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Tuesday, August 16, 2022

Spike in number of Georgians looking for asylum in Ireland generates fear that latter could lose visa-free travel

The spike in the number of Georgians looking for asylum in Ireland has increased fears that the latter could lose visa-free travel to the majority of the European Union if the nation does not manage to maintain the asylum situation under control.

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The spike in the number of Georgians looking for asylum in Ireland has increased fears that the latter could lose visa-free travel to the majority of the European Union if the nation does not manage to maintain the asylum situation under control.

According to reports, the number of Georgians looking for international protection in the European Union this year could surpass the pre-pandemic levels if authorities in Georgia tighten their controls at the country’s airports and also pass new laws, after the pressure from the EU Member States to address the issue.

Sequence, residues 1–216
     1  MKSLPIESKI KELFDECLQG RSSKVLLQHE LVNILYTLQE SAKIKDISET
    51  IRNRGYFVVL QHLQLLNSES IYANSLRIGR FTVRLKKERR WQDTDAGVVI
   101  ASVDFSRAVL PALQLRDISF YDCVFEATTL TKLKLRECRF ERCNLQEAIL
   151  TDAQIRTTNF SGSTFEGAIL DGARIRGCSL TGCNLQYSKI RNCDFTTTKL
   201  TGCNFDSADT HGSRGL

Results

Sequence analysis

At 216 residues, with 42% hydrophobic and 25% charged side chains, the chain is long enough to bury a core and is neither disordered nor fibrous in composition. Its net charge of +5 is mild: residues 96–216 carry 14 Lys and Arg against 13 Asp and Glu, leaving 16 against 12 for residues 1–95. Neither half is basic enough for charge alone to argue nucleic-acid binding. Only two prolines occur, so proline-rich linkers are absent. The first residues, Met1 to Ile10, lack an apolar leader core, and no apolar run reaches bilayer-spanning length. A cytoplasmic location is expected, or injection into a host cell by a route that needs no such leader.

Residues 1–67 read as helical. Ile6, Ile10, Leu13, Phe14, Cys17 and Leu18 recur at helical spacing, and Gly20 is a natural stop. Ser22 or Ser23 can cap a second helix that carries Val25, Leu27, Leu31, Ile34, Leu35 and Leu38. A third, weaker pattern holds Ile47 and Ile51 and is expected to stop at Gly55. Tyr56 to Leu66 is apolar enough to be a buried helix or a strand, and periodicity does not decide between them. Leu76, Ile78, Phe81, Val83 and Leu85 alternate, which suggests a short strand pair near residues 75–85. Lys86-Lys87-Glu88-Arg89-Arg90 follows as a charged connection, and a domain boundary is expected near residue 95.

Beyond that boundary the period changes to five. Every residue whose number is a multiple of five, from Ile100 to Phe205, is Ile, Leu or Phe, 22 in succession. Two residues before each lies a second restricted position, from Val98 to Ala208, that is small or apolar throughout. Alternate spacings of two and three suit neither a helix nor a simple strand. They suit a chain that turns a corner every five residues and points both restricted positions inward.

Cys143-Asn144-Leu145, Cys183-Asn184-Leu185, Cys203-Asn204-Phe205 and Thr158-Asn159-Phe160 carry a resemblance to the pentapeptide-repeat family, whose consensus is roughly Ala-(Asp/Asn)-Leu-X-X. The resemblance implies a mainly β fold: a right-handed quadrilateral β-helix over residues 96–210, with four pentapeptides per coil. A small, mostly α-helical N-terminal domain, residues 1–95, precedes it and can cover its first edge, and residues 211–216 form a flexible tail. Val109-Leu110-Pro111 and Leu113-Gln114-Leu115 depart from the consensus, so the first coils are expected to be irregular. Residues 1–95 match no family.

Over 1,100 Georgians have filed an application for asylum in Ireland this year, which is more than any other nationality except for Ukraine.

In this regard, officials, as well as exports, have stressed that poverty, not conflict or prosecution, is among the main reasons for migration among Georgians, who have been eligible to travel without visas to the EU’s borderless area of Europe since 2017, from where some move on to Ireland, while Ireland is not part of European Zone.

As per reports, an EU Official in the capital of Georgia, Tbilisi, “From 2017 to 2020, we had a serious problem with Georgians migrating to the European area under the visa-free regime, when they only went as tourists and asked for asylum the moment they arrived.”

The official noted that the travel bans and other restrictions imposed to contain the spread of COVID-19 and its new variants led to a decrease in the number of Georgians who are travelling and staying in the Schengen Zone nations, for a longer than permitted 90 days period.

Additionally, as per the official, as compared to 2021 figures, now it has been noted an increase of 69% in overstays, thus is again becoming one of the main concerns in bilateral relations.

She pointed out, “This has been raised by the EU ambassadors here, that it will take another push from the EU family here with the authorities, to ensure this is checked.”

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